asked the Secretary of State for Defence if he will make a statement on the progress so far on plans to consolidate on one or two sites Army pay manning and records offices.
Following the formal period of consultation, the detailed comments received from Ministry of Defence trade unions, as well as from hon. Members on both sides of the House, local councils and others, are now being fully evaluated. I hope to be able to make an announcement on the final decision by the end of May or early June.
I thank my right hon. Friend for that reply. In view of the considerable financial advantages of consolidation on one or two national sites as soon as possible, and in view of the ideal location, modern buildings and access to a large labour market at the Army office in Leicester, will my right hon. Friend press on with his plans to centralise at Leicester and Glasgow as quickly as he can?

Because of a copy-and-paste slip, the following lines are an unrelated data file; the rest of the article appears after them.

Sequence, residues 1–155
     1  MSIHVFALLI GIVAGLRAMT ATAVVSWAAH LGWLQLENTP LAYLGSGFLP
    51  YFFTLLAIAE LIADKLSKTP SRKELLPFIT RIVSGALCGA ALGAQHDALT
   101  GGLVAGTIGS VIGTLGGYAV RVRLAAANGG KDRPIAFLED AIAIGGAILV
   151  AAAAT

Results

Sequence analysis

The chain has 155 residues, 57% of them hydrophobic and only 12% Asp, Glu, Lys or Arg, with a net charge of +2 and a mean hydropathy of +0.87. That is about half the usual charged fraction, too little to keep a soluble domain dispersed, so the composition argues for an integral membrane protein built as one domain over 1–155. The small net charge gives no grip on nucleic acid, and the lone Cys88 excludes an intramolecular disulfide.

I have always admired my hon. Friend for his wisdom and objectivity, but I know that he has an interest in this matter. He points to the good sense and economies that will derive from rationalisation. We are now having to make quite certain that the selection of Leicester in addition to Glasgow is right.
Is this not merely an exercise in dispersing jobs from one part of the provinces to another, because no transfers from London are taking place? Are not people being taken from high unemployment areas, and are not the civil servants concerned notionally non-mobile, with, therefore, no rights to transfer? What will the Department do to provide jobs in areas from which jobs have been taken?
What is happening is part of the transfer programme. Concentrating on Leicester as well as Glasgow involves rationalisation as well as dispersal. As part of the exercise some of the moves will be from locations outside London to Glasgow. That will be compensated for by movements from London.